Should Horses Be Turned Loose If A Fire Is Rapidly Approaching?

Read the original full article, written by Dr. John Madigan, DVM, DACAW, Distinguished Professor-Emeriti, at our Disaster Preparedness Resources webpage:

The best method for preventing injury to horses during a wildfire is to evacuate early. The other option is to shelter in place, which includes the possibility of having to decide whether to turn horses loose if the fire changes speed or course and evacuation is no longer an option. Turning horses loose comes with a new set of risks to consider.

horse trailer
Train your horse to load into a horse trailer and make sure there is enough trailer space for all of the horses on the property.


There is no substitute for a well thought out and rehearsed evacuation plan. Evacuate early, if possible. The roads may close and you will not be allowed access if you wait too long.

Even with the best plans, several factors can impede evacuation efforts. These include:

  • Lack of halters and lead ropes
  • Not enough people with skills to quickly and safely catch, halter and lead horses
  • Horses that are not trained to load
  • Not enough trailer space for the number of horses on the premises
  • Young horses, mares and foals, and stallions, which complicate handling and loading
  • Flames, heat, and smoke, which make conditions unsafe for humans

Shelter in Place

If evacuation becomes impossible, sheltering in place is the remaining option. Remember that if you are not safe sheltering in place, your horses are not safe either. If you must shelter in place, take the following actions:

horse with ear tag in mane for identification
Ear tags placed in the mane can provide temporary identification. Photo courtesy of Dr. Claudia Sonder.
  • Clear brush and debris at least 100 feet in all directions.
  • Attempt to obtain a fire suppression team to defend the space or determine if it is defensible.
  • Remove horses from all nearby structures.
  • Provide food and water.
  • Turn on a generator for power and run sprinklers in fields where horses may be sheltered.
  • I.D. the horses:
    • Paint, tag, collar, phone number written on hooves, cattle ear tags placed in mane, etc.
    • Remove blankets.
    • Hose off horses prior to placing in a large field.

Turning Horses Loose

When a horse facility is in immediate danger with no defensible space and no chance for evacuation, opening field and pasture gates, stalls doors, and removing any other restraints will potentially allow horses to escape the flames.  If it comes to this, take the following actions:

  • Attempt to create and direct horses to a secondary confinement area.
  • Take precautions to prevent horses from reentering the area. They may attempt to return to a familiar place even when flames are present.
  • Immediately notify 911 of loose horses so first responders in the area can be alerted. First responder entry could be impeded by loose horses on driveways or roadways.
  • Put out a call for horse groups to converge at a distant location, but close to where loose horses are, and to bring halters, grain buckets to facilitate catching horses, and trailers.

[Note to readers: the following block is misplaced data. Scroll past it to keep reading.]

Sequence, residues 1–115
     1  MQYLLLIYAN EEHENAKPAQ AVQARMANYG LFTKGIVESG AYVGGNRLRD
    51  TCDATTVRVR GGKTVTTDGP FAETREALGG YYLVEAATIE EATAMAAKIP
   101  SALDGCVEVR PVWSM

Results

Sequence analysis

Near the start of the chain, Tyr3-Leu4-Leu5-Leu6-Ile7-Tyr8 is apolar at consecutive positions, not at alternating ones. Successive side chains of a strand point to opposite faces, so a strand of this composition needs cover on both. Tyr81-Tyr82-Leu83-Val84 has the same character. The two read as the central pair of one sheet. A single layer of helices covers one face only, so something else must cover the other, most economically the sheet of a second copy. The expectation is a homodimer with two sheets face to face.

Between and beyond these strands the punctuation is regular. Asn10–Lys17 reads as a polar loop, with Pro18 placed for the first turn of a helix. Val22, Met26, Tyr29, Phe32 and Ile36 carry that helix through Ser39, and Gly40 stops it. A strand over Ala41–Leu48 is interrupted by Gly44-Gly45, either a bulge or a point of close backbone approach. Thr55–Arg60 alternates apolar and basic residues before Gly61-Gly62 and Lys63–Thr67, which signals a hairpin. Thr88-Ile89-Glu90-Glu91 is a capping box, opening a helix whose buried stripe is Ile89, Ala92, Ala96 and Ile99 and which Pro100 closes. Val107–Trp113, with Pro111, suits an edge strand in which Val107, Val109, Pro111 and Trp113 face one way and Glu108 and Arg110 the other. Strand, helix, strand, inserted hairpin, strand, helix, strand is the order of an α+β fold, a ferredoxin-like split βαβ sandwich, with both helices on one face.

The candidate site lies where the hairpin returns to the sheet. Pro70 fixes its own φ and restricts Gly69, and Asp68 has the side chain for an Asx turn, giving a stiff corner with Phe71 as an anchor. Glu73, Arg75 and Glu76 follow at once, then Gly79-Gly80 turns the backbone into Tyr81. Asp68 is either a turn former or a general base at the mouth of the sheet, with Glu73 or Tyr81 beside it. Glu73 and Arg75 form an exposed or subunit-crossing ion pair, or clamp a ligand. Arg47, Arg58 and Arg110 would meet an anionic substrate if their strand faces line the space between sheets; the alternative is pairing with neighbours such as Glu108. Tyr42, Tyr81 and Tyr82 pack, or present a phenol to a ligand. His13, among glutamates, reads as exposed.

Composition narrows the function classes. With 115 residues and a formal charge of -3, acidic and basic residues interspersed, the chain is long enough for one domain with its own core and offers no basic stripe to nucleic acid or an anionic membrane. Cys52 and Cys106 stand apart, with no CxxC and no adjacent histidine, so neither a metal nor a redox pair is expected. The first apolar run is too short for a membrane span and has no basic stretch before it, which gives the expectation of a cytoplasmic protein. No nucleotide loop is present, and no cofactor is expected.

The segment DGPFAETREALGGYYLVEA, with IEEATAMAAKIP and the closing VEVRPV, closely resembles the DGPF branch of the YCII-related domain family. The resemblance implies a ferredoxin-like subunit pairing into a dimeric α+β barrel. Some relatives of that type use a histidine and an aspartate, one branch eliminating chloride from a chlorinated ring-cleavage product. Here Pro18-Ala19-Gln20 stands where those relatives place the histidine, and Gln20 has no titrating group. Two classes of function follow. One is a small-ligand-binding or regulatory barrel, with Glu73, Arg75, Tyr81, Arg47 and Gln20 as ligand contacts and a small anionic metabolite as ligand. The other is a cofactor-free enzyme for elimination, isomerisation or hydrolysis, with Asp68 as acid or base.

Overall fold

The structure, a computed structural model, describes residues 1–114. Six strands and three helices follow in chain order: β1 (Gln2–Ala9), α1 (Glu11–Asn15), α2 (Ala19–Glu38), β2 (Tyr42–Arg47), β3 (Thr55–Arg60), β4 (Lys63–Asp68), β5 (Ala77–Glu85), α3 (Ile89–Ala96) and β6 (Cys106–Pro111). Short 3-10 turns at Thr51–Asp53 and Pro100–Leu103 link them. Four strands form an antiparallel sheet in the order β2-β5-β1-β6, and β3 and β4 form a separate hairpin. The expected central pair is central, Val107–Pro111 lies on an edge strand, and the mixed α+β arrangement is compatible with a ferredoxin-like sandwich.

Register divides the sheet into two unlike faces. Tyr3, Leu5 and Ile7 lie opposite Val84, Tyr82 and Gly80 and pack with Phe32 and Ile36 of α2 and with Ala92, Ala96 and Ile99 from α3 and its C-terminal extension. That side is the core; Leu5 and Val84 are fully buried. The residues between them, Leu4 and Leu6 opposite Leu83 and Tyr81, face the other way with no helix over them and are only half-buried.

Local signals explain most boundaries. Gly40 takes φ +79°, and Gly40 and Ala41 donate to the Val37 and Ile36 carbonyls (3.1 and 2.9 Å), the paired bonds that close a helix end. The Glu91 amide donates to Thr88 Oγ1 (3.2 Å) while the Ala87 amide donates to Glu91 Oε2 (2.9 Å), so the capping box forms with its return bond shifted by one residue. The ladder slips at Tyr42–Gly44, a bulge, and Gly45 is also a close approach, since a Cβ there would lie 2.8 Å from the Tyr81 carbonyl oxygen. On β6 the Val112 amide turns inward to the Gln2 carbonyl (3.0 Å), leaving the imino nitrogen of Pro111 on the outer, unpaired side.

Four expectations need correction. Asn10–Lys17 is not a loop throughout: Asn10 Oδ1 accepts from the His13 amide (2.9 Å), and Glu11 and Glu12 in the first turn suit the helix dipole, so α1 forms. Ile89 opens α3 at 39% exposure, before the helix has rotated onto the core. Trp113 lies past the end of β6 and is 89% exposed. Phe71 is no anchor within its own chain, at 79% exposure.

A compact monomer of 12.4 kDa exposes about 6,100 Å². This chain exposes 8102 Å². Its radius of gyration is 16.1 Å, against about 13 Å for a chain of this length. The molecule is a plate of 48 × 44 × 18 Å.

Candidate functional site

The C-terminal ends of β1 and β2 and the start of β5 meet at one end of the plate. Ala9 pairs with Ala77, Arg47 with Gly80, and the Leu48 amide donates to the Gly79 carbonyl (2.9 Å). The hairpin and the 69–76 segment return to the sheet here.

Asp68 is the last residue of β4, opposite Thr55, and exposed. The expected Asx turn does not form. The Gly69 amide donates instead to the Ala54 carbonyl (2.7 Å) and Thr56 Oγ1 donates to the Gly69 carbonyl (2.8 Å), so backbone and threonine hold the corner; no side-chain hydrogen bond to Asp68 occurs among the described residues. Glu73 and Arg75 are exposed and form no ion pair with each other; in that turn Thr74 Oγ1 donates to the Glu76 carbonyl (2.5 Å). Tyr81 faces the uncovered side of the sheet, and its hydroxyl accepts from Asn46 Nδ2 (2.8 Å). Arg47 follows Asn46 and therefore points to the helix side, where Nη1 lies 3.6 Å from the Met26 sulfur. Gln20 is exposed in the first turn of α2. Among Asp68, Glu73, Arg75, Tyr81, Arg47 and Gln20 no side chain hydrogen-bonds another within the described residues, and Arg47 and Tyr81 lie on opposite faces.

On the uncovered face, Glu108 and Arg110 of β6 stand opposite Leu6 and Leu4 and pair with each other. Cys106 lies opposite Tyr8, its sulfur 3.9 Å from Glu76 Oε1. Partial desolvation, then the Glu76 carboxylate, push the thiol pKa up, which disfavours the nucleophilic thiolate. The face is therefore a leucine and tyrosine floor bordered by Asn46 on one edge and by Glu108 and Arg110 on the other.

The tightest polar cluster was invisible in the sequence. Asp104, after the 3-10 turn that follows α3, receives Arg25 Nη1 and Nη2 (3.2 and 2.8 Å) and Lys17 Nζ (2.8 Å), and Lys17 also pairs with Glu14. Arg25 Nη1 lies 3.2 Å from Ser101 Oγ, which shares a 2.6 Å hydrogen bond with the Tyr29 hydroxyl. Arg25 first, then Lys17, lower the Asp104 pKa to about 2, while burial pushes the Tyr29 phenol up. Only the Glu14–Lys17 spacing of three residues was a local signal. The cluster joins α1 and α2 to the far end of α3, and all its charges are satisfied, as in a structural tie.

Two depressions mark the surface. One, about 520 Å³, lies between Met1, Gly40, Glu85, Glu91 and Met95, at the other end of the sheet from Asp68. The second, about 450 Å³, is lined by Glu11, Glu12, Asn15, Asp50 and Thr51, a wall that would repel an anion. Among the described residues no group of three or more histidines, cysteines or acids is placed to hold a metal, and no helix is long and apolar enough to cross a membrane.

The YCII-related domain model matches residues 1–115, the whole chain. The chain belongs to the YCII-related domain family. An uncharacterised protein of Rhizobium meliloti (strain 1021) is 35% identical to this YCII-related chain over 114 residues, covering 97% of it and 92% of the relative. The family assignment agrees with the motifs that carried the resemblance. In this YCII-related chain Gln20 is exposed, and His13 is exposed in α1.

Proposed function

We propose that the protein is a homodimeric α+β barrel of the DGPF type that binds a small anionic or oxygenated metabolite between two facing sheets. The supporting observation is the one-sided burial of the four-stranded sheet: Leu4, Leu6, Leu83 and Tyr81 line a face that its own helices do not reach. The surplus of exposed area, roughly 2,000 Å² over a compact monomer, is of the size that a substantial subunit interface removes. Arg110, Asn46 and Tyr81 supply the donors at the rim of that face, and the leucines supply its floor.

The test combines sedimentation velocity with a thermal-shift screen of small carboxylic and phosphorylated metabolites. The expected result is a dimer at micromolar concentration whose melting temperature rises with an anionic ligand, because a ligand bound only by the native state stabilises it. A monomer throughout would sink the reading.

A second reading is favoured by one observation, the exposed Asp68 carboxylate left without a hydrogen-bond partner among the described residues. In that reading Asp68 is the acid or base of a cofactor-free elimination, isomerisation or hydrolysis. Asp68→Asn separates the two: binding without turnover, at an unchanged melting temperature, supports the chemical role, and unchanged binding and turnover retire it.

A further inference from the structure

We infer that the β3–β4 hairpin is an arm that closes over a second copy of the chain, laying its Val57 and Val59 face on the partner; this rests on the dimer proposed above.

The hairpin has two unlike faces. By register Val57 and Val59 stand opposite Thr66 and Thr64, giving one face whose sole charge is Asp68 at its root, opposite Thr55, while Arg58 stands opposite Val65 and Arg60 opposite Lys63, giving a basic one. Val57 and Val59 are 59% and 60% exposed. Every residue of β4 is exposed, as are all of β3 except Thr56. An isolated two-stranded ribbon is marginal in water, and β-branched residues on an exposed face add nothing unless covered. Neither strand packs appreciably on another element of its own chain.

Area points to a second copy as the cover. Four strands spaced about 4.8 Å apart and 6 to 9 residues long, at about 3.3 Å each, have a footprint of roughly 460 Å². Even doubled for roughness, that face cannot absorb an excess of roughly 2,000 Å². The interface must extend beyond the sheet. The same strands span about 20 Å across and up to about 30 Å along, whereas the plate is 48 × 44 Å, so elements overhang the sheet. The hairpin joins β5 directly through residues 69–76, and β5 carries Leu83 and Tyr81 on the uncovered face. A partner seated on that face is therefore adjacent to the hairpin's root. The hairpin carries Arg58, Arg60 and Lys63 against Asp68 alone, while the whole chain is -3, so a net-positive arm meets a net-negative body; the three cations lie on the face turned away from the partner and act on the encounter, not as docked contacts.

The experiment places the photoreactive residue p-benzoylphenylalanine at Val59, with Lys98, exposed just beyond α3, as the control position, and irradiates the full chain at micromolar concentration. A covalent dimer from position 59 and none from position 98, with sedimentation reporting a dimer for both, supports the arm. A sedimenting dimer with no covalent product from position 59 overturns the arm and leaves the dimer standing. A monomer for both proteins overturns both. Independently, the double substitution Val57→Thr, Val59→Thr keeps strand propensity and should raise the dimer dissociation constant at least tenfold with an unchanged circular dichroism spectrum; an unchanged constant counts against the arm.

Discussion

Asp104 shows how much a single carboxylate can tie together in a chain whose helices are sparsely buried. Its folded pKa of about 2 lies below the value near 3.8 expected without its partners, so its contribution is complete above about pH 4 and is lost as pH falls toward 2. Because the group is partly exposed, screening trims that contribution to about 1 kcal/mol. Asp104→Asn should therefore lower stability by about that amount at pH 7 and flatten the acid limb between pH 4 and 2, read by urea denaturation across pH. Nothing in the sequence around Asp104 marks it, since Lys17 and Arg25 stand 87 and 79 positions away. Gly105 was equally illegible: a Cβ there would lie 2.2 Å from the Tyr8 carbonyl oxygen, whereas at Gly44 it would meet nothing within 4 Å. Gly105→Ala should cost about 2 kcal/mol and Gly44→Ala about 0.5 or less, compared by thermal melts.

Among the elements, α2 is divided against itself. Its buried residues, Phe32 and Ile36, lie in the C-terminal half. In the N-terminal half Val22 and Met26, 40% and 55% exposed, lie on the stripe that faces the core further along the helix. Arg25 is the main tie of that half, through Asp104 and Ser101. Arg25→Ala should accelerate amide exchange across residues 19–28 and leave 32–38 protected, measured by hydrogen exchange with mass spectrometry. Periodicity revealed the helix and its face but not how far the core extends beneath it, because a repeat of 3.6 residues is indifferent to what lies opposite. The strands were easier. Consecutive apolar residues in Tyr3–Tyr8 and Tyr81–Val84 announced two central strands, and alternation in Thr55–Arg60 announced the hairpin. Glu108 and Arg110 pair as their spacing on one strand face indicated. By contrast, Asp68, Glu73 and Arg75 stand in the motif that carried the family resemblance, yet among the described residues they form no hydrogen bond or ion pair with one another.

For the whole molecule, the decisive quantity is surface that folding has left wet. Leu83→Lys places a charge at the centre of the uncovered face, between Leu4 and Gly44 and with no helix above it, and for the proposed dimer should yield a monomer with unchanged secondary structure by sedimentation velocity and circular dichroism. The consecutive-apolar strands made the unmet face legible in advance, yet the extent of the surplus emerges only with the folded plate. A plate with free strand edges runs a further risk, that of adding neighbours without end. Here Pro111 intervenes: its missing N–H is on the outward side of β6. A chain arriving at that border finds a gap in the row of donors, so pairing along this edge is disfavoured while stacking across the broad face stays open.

Once horses are out of your control, safety issues may arise for both horses and people in the area. Horses could enter major roadways with traffic and be hit by evacuating or responding vehicles, potentially injuring the horse(s) and people in the vehicle. Horses could suffer trauma from falling while running on slippery roads, kicking other loose horses, running through fences or barbed wire, and obtain other flight-related injuries. Horses that are wearing halters (especially those made of nylon) could suffer facial injuries from excessive heat or hook halters on fences, posts, and other objects. However, horses that are wearing halters are easier to catch, so breakable leather halters or ID collars are preferable whenever possible.

Prevent the need to turn horses loose under threat of injury by fire

  • Know your county's equine evacuation plan(s).
  • Become an active member of the local evacuation and disaster response team.
  • Train horses to load, practice evacuation prior to fire season, and develop a phone tree for others with trailers.
horses galloping through smoke

Encountering Loose Animals

If you encounter loose horses, the following actions are recommended.

  • DO restrict the area where the loose animals can travel by closing gates as soon as possible.
  • DO direct loose animals to a fenced area, allow time for them to settle, and move them when conditions are suitable.
  • DO move the animals quietly and slowly using the fewest number of people possible.
  • DON’T allow too many people to get involved or interfere with capture operations as it may subject people to risks and injuries.
  • DON’T be in a hurry. Stay calm, move slowly, and do not encourage the animals to flee by chasing them.
  • DON’T turn on sirens or lights if approaching loose horses or livestock.
  • DON’T try to move horses or livestock with cars or vehicles.


There are humane grounds for opening confinement areas when intense fire is about to engulf a facility. In those circumstances, if horses are trapped, releasing them is appropriate. However, it is not without its own risks. Make your own decisions considering all of the factors described. Nearly everything about a wildfire carries some degree of risk. The best approach is to be prepared and evacuate early.